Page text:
Our goal, however, it is not so many tourists to get to the island, as in the months of summer.
      We want to show the beauty of the island!
      In the summer, the island is no longer beautiful. People are stressed and hectic and in the off-season it’s just quiet, calm and really nice.
      So if you want to spend a great week in Ibiza, if you want to drift this week and would like to take care of nearly nothing, this is the right way and the right place.

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  2. Well said Martin. When the season is longer places can close one day a week, to give staff a day off. Many restaurants and bars already close one day a week and are still succcessful, but they close always the same day and their clients know. They do not close just when they cannot be bothered or have a hangover. _Some people need to be more professional, and not just work 24/7 in the summer, but to moderate working hours so staff and owners are not shattered by the middle of the summer. The people who do not want winter tourism are the ones who have another income, or year round inome, not dependent on the amount of work they do, like the polititions. The polititions are voted for and paid by the public, so should take notice of the public’s wishes.

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    1. Totally agree, it’s like they throw everything it the summer then have nothing left for the winter……then after a month off they start complaining about lack of work. “A more professional approach” – SPOT ON.

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  3. As a clubber, I’d love to go to Ibiza during the winter, to experience the cultured side that I tend to miss out on during my party holidays. I’d particularly like to do some of the walking excursions and see the cherry blossom trees which always make for fabulous photographs.

    That said, until I hang up my dancing shoes or earn a lot more money, then I will only be going to Ibiza once a year and that will be in the summer.

    However I feel you are right that the market for a more mature and cultured visitor is definitely for the taking during the winter.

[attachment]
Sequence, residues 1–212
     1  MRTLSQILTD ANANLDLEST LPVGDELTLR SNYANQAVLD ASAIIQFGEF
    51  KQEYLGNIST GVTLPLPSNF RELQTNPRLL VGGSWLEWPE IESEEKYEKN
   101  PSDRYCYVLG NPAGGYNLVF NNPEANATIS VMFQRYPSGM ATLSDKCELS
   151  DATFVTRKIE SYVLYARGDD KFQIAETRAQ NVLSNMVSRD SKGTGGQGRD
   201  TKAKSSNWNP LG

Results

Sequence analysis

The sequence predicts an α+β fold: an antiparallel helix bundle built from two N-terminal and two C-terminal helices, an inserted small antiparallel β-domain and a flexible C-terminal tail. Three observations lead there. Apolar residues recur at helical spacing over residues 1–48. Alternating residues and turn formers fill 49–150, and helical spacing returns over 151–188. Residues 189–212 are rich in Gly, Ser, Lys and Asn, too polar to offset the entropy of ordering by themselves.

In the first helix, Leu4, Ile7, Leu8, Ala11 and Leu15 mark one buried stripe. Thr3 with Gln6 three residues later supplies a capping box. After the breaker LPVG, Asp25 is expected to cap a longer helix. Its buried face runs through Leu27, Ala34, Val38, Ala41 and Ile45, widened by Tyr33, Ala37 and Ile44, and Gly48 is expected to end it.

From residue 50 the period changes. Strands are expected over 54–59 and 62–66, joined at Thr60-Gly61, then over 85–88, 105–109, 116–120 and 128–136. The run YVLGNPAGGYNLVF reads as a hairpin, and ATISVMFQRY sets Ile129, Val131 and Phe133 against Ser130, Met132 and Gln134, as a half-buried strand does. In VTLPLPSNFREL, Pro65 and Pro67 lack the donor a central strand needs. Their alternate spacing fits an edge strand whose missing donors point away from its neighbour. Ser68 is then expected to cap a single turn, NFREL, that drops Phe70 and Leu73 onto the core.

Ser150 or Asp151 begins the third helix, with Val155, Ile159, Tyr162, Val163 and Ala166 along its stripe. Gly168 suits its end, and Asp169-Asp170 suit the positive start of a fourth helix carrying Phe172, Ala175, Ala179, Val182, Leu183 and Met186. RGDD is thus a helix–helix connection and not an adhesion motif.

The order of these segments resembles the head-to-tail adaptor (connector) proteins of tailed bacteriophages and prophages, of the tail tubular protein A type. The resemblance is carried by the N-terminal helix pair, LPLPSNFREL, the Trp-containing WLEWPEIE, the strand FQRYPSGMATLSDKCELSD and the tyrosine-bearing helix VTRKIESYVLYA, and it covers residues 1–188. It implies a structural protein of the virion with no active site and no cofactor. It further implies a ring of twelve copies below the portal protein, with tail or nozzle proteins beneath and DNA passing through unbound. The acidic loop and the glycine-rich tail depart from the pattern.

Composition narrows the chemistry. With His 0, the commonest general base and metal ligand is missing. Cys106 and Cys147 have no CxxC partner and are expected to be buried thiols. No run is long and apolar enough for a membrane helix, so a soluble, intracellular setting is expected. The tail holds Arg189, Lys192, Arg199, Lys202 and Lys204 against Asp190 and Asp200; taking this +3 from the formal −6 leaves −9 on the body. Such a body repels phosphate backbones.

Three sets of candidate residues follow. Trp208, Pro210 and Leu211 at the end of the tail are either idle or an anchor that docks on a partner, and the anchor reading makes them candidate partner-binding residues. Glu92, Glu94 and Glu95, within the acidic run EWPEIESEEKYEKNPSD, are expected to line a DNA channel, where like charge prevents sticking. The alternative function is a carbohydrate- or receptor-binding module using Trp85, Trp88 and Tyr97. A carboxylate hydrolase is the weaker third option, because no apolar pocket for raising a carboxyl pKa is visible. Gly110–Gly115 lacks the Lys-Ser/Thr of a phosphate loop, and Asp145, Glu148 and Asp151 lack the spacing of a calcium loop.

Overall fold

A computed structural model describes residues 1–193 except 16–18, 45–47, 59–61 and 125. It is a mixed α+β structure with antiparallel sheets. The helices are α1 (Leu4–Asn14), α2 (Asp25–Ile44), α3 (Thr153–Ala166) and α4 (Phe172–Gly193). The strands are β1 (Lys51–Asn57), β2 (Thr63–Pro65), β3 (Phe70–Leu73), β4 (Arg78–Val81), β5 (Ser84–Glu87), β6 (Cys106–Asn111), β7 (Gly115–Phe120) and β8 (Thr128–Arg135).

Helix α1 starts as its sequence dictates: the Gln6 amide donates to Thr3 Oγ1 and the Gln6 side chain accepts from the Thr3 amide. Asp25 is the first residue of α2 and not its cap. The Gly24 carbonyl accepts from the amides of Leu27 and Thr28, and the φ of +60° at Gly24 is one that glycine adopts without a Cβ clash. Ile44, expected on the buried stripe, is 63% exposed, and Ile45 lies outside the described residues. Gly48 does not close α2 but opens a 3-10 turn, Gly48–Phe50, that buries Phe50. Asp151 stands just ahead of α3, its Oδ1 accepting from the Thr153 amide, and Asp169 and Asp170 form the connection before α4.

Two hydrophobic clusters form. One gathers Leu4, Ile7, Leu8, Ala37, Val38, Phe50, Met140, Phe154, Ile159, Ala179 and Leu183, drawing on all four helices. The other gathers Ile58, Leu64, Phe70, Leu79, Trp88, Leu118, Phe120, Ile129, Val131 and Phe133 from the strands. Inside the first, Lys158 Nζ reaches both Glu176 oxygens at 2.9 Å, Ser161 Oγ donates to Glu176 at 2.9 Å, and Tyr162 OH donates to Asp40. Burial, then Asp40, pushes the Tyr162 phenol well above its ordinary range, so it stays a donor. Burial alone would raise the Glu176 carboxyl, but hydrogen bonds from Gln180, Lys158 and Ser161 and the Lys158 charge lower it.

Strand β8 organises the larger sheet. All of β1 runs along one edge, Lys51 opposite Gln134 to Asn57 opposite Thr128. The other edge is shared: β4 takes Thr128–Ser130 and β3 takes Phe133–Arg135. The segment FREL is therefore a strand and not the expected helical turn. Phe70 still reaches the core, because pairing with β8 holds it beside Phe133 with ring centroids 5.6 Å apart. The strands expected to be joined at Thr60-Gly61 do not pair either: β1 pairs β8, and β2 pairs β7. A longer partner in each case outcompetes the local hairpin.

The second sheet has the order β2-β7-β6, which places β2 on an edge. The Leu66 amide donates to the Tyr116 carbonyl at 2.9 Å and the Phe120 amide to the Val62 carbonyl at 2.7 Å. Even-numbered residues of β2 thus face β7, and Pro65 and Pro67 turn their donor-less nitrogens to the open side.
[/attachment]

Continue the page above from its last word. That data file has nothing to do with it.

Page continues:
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  4. One of the biggest problems with winter tourism is: How do you encourage hotel and other accommodation owners to invest in their properties? Most of these buildings are bloody freezing in winter. They’re not heated or properly insulated.

    Of course, owners would put money in if there was demand. But, to get the demand means showing that good quality, warm, accommodation is available.

    It’s not an impossible circle to square, although it does mean somebody has to take a bit of a risk. You’d also have to change what has become the island’s regular timetable of spring reformas when the ravages of tourism and the elements are repaired.

    People always focus on the availability of flights, which are obviously vitally important. But, it’s relatively easy for airlines to change schedules as we discovered with Ryanair a few winters ago when all London flights just stopped. If there’s no demand they’ll just put their aircraft on a different route. Whereas if hotel owners have borrowed the money to heat and insulate their properties the banks will still demand their repayments even if there are no guests.

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    1. It’s a chicken & egg situation but with the investment in Ibiza accommodation over the last few years we are more set up than ever for winters. Ryanair winter flights stopped because the island government withdrew the funding agreement, no other reason.